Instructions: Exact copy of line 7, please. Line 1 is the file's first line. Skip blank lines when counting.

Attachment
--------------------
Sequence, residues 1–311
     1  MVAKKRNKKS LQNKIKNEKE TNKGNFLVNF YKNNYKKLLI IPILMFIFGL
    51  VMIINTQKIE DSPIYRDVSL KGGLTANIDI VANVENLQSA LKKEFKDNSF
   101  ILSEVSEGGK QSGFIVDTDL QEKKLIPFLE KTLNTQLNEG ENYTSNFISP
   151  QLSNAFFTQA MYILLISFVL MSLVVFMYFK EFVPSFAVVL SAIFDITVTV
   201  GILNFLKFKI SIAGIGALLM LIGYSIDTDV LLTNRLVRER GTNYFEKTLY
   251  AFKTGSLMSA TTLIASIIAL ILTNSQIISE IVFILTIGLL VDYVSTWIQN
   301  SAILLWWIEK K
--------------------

   251  AFKTGSLMSA TTLIASIIAL ILTNSQIISE IVFILTIGLL VDYVSTWIQN